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Maternal and child health

The number of mothers who died in labour has nearly halved over four years, from 182 fatalities in 2011 to 100 in 2015.1​ Deaths among children have also dropped, although they remain comparatively high, and the prevalence of underweight newborns is high compared to many countries.

ស្ត្រីមានផ្ទៃពោះបានទទួលការថែទាំមុនកំណើតនៅក្នុងមន្ទីរពេទ្យ ១៦ មករា ស្ថិតក្នុងខេត្តព្រះវិហារ ប្រទេសកម្ពុជា។ រូបថត ដោយ ឆ សុគន្ធា/ធនាគារពិភពលោក, ថត នៅថ្ងៃទី ៣០ ខែ មករា ឆ្នាំ ២០១៣។ ក្រោមអាជ្ញារប័ណ្ណ CC BY-NC-ND 2.0។

The pregnant woman got a prenatal care at the 16 Makara hospital, Preah Vihear province, Cambodia. Photo by Chhor Sokunthea / World Bank, taken on 30 January 2013. Licensed under CC BY-NC-ND 2.0.

Maternal mortality and health

Cambodia’s maternal mortality rate (MMR) is lower than that estimated for Myanmar and Laos, but many times higher than the figures for Thailand and Vietnam. Intensive work has seen an enormous improvement in the last 15 years.

Here are UNICEF estimates for 2013:2

Country

Estimate of maternal deaths per 100,000 people

Number of maternal deaths

Cambodia

170

670

Myanmar

200

1900

Thailand

26

180

Laos

220

400

Vietnam

49

690

In 1990, Cambodia’s MMR was 1200 – the rate has dropped by 86% in the last 15 years (The ratio for Asia as a whole was 350 in 1990 and 140 in 2013, a fall of 61%.).3

The big change reflects significant improvements in the national health services available to mothers, and this is continuing. In the preliminary results of the 2014 Cambodia Demographic and Health Survey (CDHS) released in early 2015:

  • 89% of pregnant women had health professionals delivered their babies in 2014, up from 71% in 2010  
  • 83% of babies were delivered at a health facility in 2014, up from 54% in 2010.4

Improving maternal health was a Millenium Development Goal (MDG 5). The two targets for assessing MDG 5 are reducing the MMR by three quarters between 1990 and 2015 (a goal Cambodia has already reached), and achieving universal access to reproductive health by 2015.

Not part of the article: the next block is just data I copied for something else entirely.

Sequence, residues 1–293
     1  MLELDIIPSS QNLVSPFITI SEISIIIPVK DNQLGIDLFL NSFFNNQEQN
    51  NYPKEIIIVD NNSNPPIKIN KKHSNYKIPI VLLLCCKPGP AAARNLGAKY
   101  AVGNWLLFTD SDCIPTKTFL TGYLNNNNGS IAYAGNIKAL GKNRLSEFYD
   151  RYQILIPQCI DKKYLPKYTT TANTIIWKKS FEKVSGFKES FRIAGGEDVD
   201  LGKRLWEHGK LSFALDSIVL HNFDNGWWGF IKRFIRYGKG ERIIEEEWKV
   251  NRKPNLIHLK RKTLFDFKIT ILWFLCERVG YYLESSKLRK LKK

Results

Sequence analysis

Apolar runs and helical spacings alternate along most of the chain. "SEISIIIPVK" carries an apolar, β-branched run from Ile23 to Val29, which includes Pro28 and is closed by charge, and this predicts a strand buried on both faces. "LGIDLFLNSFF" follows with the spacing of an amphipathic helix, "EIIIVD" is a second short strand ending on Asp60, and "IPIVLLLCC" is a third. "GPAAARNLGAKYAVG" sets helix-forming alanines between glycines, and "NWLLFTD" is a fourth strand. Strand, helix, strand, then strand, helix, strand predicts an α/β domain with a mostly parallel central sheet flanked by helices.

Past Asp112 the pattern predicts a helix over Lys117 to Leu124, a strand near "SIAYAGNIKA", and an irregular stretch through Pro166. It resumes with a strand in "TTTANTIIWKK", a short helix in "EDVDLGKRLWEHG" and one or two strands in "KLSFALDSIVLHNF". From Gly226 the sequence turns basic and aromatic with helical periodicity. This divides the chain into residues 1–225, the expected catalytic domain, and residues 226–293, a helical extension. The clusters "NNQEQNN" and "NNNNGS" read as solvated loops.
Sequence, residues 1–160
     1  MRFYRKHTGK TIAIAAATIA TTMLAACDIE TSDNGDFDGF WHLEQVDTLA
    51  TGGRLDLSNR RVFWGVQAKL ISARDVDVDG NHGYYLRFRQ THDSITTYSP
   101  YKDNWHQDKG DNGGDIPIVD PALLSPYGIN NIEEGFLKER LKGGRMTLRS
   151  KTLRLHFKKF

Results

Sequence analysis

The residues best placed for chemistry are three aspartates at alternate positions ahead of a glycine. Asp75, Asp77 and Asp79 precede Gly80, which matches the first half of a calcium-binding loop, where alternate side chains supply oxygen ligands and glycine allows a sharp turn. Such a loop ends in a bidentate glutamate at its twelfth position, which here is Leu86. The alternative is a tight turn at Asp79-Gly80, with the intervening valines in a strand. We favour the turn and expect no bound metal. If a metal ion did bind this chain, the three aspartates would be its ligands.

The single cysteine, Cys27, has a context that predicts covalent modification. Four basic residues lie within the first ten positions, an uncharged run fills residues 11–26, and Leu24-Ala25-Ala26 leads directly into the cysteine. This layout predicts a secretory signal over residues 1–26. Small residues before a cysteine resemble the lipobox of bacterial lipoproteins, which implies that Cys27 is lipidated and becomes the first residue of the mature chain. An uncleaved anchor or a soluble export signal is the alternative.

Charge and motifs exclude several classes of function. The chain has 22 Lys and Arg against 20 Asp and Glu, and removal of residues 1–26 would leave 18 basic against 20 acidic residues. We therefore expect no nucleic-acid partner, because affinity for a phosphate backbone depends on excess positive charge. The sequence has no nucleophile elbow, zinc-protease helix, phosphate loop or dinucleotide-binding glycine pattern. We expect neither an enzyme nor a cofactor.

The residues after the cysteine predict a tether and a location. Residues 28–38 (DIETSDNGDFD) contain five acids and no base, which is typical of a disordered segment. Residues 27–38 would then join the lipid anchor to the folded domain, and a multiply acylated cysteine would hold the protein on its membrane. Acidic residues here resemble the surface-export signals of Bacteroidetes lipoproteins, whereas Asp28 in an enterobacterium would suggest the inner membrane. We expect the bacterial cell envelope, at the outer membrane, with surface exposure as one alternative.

Pregnant women in Cambodia frequently suffer from nutritional deficiencies. Several researchers have found that at least half have anemia (lack of iron), for example.5 As well as impacting on their own health, this obviously impacts too on the health of the child, with a correlation between maternal illness and premature, underweight babies.6

Cambodia had the highest prevalence of underweight newborns among nearly 30 countries studied in a 2014 medical report by Japan’s National Center for Child Health and Development.7 Around 19% of Cambodia’s recorded hospital births were infants small for their gestational age (the number of weeks they were carried). The premature, underweight births were found to correlate with maternal illnesses. Around 31% of the preterm and too-small babies delivered in Cambodian hospitals were born to mothers ill with pre-eclampsia (a high blood pressure condition), for example, or the more serious eclampsia. 8

The Cambodian government’s National Strategic Development Plan 2014–2018 says that in 2013:

  • 2% of pregnant women attended antenatal care
  • 84% received iron and folic acid tablets
  • 78% of HIV+ pregnant women received anti-retroviral treatment for protection from mother-to-child virus transmission.

 However, only 34% was reported using any modern form of contraception.

 The NSDP 2014–2018 says 3.2% of births were by Caesarian section in 2013.

 Child mortality

Another Millenium Development Goal (MDG4) was to reduce child mortality (and specifically to reduce under-5 mortality by two-thirds by 2015).9 Significant improvements have been made.

The infant mortality rate (children dying before 1 year of age) changed little in the 1990s,10 but between 2000 and 2010 declined from 95 to 45 deaths per 1,000 live births.11 Progress has been attributed to successful immunization programmes and breastfeeding promotion, and factors such as poverty reduction, improved education and better roads.

Around 17% of deaths of children under 5 are due to pneumonia, while meningitis is accountable for another 1.4%, according to 2013 WHO data.12 Since January 2015, children under one have been able to receive a pneumococcal conjugate vaccine (PCV) that targets these illnesses free of charge in public health facilities and other immunisation services.

According to NSDP 2014–2018, in 2013, 90% of children under one were immunized against measles.

In March 2015, Cambodia was verified as having eliminated measles by the Measles Regional Verification Commission.13

Note: There is a considerable range of estimates for certain health statistics and it is not uncommon to find a difference greater than 10% between figures from different global agencies or between agency data and government data.

Last updated: 19 December 2015

References

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